Rising gas prices sway Asia’s power generators toward renewables
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Renewable energy generation in Asian countries such as China and India may accelerate if, as expected, gas becomes a more expensive fuel for power generation in the years ahead.
Liquefied natural gas (LNG) cargo prices have doubled to $US4 per million British thermal unit from a record market low of only $US2/MMBTU in June.
Australia is a major exporter of LNG cargoes, and while better prices for the fuel is good news for producers, for consumers in Asia the reverse is true.
Beijing has drastically cut the tariffs gas-fired power plants receive for their electricity by 28 per cent since June, trimming generators’ profit margins.
If this measure is maintained, it could put at risk additional demand growth for gas-based power generation in China, Wood Mackenzie Asia-Pacific vice-chairman, Gavin Thompson said in his APAC Energy Buzz blog.
“In China, gas power plants are struggling after tariff cuts intended to improve manufacturing competitiveness as trade tensions rise,” said Thompson.
In India too, the expansion of gas-fired electricity generation is at risk from higher gas prices.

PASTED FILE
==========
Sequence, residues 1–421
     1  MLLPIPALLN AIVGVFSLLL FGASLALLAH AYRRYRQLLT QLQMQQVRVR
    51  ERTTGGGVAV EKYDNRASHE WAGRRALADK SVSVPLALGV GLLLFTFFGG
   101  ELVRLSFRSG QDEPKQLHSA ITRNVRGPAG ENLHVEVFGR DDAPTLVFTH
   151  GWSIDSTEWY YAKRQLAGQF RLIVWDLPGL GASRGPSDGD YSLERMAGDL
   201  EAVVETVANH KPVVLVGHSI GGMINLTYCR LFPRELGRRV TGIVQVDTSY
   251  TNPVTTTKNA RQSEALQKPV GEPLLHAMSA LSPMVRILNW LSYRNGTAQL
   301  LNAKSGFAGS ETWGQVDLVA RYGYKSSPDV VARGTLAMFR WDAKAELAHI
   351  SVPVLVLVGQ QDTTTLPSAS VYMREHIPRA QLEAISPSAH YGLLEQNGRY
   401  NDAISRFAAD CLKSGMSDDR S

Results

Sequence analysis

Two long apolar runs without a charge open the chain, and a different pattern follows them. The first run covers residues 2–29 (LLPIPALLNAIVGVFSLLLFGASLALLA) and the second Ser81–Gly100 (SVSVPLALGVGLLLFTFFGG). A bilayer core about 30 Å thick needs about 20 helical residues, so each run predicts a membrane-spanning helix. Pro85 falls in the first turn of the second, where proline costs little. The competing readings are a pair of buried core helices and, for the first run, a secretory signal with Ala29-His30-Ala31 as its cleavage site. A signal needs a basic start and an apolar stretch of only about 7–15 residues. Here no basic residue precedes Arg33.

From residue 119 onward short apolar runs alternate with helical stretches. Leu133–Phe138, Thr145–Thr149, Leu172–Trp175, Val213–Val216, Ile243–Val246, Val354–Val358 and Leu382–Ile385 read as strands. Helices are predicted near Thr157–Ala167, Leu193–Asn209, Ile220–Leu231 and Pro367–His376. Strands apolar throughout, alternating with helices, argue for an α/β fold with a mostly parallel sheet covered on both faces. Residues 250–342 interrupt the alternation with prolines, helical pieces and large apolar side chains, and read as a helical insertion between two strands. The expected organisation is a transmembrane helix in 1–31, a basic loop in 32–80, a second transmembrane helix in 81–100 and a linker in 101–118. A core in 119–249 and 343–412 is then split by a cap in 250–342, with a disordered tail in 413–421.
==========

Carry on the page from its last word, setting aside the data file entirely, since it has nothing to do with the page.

“A recovery in gas prices therefore risks slowing the progress in power sector gas demand seen in 2020,” Thompson said.
“Price is everything in India, and gas could still feel the squeeze,” he added.
Currently, low gas prices are supporting the growth of power plants fuelled by this fossil fuel in countries ranging from Korea and Japan to less developed markets like Bangladesh and Vietnam.
“The anticipated recovery in gas prices beyond 2022 will hurt the economics of gas-fired generation,” said Thompson.
On current trends, gas demand is set to double for China and India by 2040, powered by its cleaner-than-coal reputation and government measures to cut air pollution in Asian cities.
While new coal-fired electricity plants continue to be built in Asia, albeit at a slower rate, wind and solar capacity is “booming” in the continent.
Renewable energy sources comprise 43 per cent of new power generation capacity in China, and in India the proportion is even higher at 64 per cent.
India’s renewable energy generation is expected to climb to 110 GW by 2022.
“Competitiveness is key as generation costs for new wind and solar installations tumble across Asia,” said Thompson.
“And, with renewables generation costs expected to fall by a further 30 per cent by 2030, gas-fired power will continue to cede competitiveness,” he said.
In a surprise reversal of fortune, coal is regaining popularity in Asia as a source of power generation, just as it was being written off as a sunset fuel.
“Coal capacity across Asia is rising and will make up almost 30 per cent of all Asia’s additions by 2025 compared to only 12 per cent for gas,” said Thompson.
India is a prime example of this. The country’s gas-fired fleet is to stall in growth terms over the next five years, while India will add a further 26 GW of installed coal-fired capacity by 2025.
In India, half of all the country’s electricity generation capacity is from coal, largely from domestic mines.